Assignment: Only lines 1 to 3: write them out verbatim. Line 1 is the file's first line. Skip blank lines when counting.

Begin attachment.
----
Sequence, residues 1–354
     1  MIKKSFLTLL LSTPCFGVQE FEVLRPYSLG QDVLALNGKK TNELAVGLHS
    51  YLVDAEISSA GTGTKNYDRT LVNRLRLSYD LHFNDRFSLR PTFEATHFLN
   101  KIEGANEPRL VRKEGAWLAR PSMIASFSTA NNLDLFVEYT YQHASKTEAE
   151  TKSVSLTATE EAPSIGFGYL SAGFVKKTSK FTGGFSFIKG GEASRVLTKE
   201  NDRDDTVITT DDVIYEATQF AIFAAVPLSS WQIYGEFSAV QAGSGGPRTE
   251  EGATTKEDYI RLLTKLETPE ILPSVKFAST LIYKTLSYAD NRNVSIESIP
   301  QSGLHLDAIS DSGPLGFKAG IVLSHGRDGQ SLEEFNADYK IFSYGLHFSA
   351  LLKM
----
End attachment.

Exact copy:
Sequence, residues 1–354
     1  MIKKSFLTLL LSTPCFGVQE FEVLRPYSLG QDVLALNGKK TNELAVGLHS
    51  YLVDAEISSA GTGTKNYDRT LVNRLRLSYD LHFNDRFSLR PTFEATHFLN